Yip-William's memoir is a personal account of the last four years of her life facing a terminal diagnosis due to metastatic colorectal cancer. The book is organized chronologically and at first this distracted me as Yip-Williams often diverges from the present tense to share stories of her early life or to ponder existential questions. As I read further, this bothered me less, as I realized how immediate these
Stephen Yoder
Jan 05, 2019 rated it really liked it  ·  review of another edition
Shelves: first-read
I don't weep all the time for books but this one got me. Julie was a lovable character, especially because of her relentless honesty. She reminds me a bit of CZ, a friend of mine who died a few years ago of cancer. I think they would have gotten along well.
I enjoyed the emotional paths of many of these chapters, especially the one where she mentioned that she hated everyone. Life isn't fair and it is okay to hate here & there.
Julie had an amazing, lucky life filled with miracles. It incredib
Feb 21, 2019 rated it really liked it
A beautifully written, gut-wrenching account of a woman who has accomplished amazing feats, physically, emotionally and intellectually, only to be stopped in her tracks by the realization that she has stage four metastatic cancer. The book is written in the first person, and the brutal honesty of what the author experiences through her journey is often overwhelming in the best of ways. The love for her young daughters, her husband, her family, shines throughout and so often, her concern is for t ...more
Heather Hyde
Mar 04, 2019 rated it really liked it
This book undid me at the end, so brutally honest and utterly sad!
Julie survives her early life - just , and overcomes her sight issues, only 30 years later to be diagnosed with terminal cancer.
How do you leave your 2 young children to live their lives without you? To know what’s coming and to have to say goodbye to your husband, family, friends and all you hold dear?
Julie tried so hard to live and overcome the impossible as many do but rarely do you read such a true and devastating account.
Mar 15, 2019 rated it really liked it
Shelves: non-fiction
This is a difficult book to write a review about as it is the story of a young mother dying of cancer... and yet there is beauty in this book. Beauty, honesty, anguish, humour and poetry. Julie isn’t perfect and the book isn’t perfect but there is a lot to applaud here and it certainly makes you question your own life and whether you are actually living it.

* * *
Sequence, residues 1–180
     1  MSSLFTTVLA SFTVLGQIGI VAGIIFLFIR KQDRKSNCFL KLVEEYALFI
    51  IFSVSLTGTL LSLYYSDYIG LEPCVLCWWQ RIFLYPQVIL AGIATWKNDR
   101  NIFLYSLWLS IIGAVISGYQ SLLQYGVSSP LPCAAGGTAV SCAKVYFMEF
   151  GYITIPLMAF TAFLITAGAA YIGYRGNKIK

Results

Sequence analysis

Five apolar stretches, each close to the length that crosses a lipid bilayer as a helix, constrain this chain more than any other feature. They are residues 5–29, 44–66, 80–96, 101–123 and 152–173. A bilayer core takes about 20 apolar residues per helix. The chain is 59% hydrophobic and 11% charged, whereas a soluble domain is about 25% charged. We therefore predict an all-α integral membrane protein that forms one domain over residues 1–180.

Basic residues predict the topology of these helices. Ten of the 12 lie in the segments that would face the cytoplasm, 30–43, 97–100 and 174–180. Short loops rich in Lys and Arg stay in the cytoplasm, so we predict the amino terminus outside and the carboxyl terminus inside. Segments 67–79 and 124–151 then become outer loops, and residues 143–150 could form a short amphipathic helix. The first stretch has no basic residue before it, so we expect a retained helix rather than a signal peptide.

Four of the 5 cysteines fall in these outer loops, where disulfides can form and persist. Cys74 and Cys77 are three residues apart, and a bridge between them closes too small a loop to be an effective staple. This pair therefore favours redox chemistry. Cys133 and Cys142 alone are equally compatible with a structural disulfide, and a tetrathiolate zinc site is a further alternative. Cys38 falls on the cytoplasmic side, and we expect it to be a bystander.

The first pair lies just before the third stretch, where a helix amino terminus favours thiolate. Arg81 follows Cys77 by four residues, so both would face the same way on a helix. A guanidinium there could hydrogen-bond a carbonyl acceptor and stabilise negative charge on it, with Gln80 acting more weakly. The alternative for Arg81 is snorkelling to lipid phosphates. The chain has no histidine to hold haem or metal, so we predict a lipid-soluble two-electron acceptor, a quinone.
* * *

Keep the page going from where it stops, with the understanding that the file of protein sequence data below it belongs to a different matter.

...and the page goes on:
The backstory of her childhood in Vietnam is fascinating and her efforts to prepare herself and her family for her death are well written.

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Julie Yip-Williams died in March 2018 of colon cancer. She was born in Tam-Ky, Vietnam, just as the war was ending, grew up in Monterey Park, California, and graduated from Williams College and Harvard Law School. At her death she was forty-two, and lived in Brooklyn with her husband, Josh, and their daughters, Mia and Isabelle.
“Walk through the fire and you will emerge on the other end, whole and stronger. I promise. You will ultimately find truth and beauty and wisdom and peace. You will understand that nothing lasts forever, not pain, or joy. You will understand that joy cannot exist without sadness. Relief cannot exist without pain. Compassion cannot exist without cruelty. Courage cannot exist without fear. Hope cannot exist without despair. Wisdom cannot exist without suffering. Gratitude cannot exist without deprivation. Paradoxes about in this life. Living is an exercise in navigating within them.” 1 likes
“Believe what you need to believe in order to find comfort and peace with the inevitable fate that is common to every living thing on this planet. Death awaits us all; one can choose to run in fear from it or one can face it head-on with thoughtfulness, and from that thoughtfulness peace and serenity.” 0 likes